Ending violence against women in Uganda takes a step forward with critical law reforms passed in Parliament
Overhauling outdated and discriminatory legislation is essential to ending violence against women and girls, and the women’s movement in Uganda has ensured an incredible leap forward was taken in 2021.
Date: Friday, September 10, 2021
In 2019, women farmers in northern Uganda stand in a chia field they collectively harvest, aided with seeds from a UN Women project. Uganda's 2021 Succession Amendment Bill addresses gender inequality in inheritance land rights and laws will now recognize women and girls as entitled to land and property. Photo: UN Women/Eva Sibanda
This year, after decades of lobbying and advocacy, the women’s movement in Uganda has reason to celebrate – they successfully ushered the passage of amendments to two outdated laws through Parliament.
In March, the passage of the Succession (Amendment) Bill addressed the historical discrimination faced by girls and women due to the law giving preference to the male child in cases of inheritance and land ownership. Without the possibility of income and land upon which to create a safe home, many women and girls were left vulnerable to violence.
“The original law had gaps – in Uganda, ownership of property was passed down through inheritance as a gift to male children and relatives,” explains Tina Musuya, Executive Director of the Center for Domestic Violence Prevention (CEDOVIP). “Many women and girls, who do not have money, could not buy land,” she adds. “Often, widows would be kicked out of the house by the family.”
“The new law addresses these gaps; children (boy or girl) are now recognized as entitled to the property. The bill will go a long way in taking care of dependents and protecting the rights of women,” says Musuya.
A few days later, in April, the Employment (Amendment) Bill was also passed, stating that all employers are now required to put in place measures to prevent sexual harassment in the workplace, and to prohibit abuse, harassment or violence against employees.
“This bill provides care for unpaid domestic workers. Their work is now recognized as formal; they are to be paid and protected from abuse, with mechanisms to report abuse,” notes Musuya. “This bill also provides protection for employees across the board, including the many women employed in small, informal businesses where they are prone to sexual abuse and exploitation.”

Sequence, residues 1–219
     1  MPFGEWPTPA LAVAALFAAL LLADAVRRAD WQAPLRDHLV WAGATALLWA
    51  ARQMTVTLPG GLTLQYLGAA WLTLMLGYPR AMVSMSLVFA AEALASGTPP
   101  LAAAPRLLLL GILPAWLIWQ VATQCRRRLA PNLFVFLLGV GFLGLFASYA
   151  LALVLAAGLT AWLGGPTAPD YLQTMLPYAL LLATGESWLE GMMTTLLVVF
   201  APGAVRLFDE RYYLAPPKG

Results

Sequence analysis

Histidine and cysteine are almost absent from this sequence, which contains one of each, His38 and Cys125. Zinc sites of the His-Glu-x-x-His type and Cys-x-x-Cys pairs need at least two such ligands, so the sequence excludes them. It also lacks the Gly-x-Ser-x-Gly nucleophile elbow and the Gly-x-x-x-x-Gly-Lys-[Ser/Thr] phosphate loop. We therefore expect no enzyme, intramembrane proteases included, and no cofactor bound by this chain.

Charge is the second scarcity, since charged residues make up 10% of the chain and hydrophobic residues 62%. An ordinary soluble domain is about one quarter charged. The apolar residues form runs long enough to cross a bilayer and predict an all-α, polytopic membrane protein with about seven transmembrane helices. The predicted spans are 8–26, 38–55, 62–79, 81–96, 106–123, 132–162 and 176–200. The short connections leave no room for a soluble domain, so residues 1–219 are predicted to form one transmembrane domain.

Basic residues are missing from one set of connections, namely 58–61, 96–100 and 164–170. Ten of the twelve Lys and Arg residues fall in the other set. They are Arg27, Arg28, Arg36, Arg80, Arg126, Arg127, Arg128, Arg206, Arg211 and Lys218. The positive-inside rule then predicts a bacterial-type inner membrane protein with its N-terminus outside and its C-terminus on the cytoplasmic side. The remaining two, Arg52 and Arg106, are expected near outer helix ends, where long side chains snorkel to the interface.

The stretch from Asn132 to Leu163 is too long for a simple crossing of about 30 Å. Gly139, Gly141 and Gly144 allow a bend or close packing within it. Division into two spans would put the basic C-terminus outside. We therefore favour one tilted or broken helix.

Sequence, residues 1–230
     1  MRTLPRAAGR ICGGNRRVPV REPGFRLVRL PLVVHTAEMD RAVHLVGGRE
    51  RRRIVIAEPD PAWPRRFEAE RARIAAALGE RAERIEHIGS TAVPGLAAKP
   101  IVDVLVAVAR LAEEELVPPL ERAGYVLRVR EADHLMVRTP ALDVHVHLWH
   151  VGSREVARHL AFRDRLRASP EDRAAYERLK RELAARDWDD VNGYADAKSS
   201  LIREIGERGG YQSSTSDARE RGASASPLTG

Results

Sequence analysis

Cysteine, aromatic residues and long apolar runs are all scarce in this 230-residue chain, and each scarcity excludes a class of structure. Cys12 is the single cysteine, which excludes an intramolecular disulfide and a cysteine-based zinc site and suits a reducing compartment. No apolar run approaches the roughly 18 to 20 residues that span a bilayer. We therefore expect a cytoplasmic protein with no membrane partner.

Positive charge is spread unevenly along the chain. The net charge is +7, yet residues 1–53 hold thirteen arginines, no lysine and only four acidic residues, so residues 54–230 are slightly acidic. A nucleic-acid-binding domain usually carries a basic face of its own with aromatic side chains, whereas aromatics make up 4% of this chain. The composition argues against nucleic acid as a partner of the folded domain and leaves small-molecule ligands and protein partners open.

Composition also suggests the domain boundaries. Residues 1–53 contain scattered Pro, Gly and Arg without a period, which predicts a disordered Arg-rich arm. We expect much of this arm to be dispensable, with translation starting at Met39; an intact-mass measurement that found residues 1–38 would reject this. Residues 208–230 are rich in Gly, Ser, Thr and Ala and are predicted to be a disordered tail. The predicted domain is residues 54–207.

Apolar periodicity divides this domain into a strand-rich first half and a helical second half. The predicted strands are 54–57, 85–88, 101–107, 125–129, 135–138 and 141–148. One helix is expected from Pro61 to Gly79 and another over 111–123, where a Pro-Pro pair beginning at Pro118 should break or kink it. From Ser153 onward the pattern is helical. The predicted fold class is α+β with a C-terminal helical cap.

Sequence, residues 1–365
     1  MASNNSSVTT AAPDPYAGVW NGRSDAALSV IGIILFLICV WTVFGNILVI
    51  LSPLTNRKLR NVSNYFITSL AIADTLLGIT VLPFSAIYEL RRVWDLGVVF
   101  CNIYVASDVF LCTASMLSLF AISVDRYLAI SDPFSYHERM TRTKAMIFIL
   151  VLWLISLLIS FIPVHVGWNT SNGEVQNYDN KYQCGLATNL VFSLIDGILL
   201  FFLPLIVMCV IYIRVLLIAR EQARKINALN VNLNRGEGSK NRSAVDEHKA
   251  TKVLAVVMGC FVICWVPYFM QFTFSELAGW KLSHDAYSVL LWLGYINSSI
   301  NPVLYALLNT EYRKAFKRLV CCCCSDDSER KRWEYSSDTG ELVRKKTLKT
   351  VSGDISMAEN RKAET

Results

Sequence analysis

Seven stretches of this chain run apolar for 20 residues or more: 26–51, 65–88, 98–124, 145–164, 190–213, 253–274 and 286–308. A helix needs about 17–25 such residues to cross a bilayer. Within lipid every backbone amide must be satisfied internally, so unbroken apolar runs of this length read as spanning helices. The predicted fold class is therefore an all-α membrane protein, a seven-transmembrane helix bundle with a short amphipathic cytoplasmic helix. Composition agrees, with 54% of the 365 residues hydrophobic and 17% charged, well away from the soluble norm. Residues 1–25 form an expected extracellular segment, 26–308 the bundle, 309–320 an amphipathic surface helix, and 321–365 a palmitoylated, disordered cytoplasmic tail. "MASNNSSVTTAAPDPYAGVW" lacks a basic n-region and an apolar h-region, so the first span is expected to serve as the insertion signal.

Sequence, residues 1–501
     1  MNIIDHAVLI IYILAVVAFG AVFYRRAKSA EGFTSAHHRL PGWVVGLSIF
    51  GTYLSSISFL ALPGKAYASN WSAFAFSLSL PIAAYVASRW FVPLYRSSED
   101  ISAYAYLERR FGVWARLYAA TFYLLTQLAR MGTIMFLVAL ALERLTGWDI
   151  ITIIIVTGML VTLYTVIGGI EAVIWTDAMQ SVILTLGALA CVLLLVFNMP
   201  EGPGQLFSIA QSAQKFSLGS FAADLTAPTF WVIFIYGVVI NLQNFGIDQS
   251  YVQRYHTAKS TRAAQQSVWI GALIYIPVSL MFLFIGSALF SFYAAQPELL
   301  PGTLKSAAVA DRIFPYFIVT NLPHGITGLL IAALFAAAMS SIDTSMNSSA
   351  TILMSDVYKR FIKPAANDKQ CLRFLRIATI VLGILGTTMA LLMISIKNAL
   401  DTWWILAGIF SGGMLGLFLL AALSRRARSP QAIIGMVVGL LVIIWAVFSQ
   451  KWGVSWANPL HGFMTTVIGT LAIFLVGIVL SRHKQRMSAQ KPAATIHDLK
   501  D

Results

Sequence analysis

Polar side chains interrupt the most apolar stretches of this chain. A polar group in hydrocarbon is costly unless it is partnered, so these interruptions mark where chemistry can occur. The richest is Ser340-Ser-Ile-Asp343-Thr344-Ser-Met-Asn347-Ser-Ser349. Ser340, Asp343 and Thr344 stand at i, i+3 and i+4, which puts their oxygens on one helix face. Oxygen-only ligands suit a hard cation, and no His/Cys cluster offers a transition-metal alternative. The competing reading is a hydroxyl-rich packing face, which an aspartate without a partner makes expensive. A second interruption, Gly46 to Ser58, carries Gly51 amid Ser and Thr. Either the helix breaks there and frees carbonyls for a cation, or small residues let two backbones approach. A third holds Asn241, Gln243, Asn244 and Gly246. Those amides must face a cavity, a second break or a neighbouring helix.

Moving forward together
For nearly two decades, the women’s movement in Uganda has been drawing attention to the gaps in policy and legislation that hold back gender equality and women’s rights in the country. Recognizing the importance of the fight to change discriminatory legislation, UN Women, as part of the multi-year EU-UN Spotlight Initiative to Eliminate Violence Against Women and Girls, began providing resources and support to CEDOVIP and other women’s right organizations in 2019.
“As CEDOVIP is the Domestic Violence Act Coalition coordinator, it was important for us to participate in advocating for these bills,” says Musuya. “We were part of efforts to engage policymakers and lobby key stakeholders. The scope of violence against women is broad and just one law will not address it.”
The support provided by the Spotlight Initiative led to capacity building for women’s rights advocates and the media, and enabled meetings with Members of Parliament and training for Parliamentary Committees.
“It has not been an easy journey working on the Succession (Amendment) Bill,” said Mary Harriet Lamunu, the Executive Director of the Uganda Women Parliamentary Association (UWOPA), at the time of the bill’s passage. “I celebrate the passing of the bill because of the efforts we put in as technical persons guiding and supporting Members of Parliament to understand both the content and the benefits of having a gender-sensitive law.”
While the bills have now passed through Parliament, the next step is to have both signed by the President of Uganda. Once signed, the implementation work begins. The Spotlight Initiative will continue to support the women’s movement in their legal literacy activities to create public awareness of the laws, their lobbying of government to fund implementation, and their advocacy for institutional change within the justice, law and order sector to inform a survivor-centered approach to implementation.
“The passing of these bills was a result of hard work, persistence and collaboration,” celebrates Agripinner Nandhego, UN Women’s Uganda Women’s Political Participation and Leadership Specialist.
“Substantial work was carried out by civil society organizations, UWOPA, the inter-religious council, and individual activists. The support from the male MPs was also something to be applauded,” says Nandhego. “This joint advocacy success demonstrates what we can achieve in the policy and legislative arena with a strong women’s movement.”